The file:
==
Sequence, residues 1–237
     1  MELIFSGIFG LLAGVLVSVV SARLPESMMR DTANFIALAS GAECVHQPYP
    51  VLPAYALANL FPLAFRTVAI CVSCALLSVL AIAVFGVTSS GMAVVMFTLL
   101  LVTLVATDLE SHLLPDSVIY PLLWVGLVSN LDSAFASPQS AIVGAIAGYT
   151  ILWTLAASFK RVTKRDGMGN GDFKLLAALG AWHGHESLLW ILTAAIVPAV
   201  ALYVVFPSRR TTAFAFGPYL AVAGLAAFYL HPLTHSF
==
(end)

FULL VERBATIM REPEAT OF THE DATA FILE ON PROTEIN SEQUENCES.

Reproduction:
Sequence, residues 1–237
     1  MELIFSGIFG LLAGVLVSVV SARLPESMMR DTANFIALAS GAECVHQPYP
    51  VLPAYALANL FPLAFRTVAI CVSCALLSVL AIAVFGVTSS GMAVVMFTLL
   101  LVTLVATDLE SHLLPDSVIY PLLWVGLVSN LDSAFASPQS AIVGAIAGYT
   151  ILWTLAASFK RVTKRDGMGN GDFKLLAALG AWHGHESLLW ILTAAIVPAV
   201  ALYVVFPSRR TTAFAFGPYL AVAGLAAFYL HPLTHSF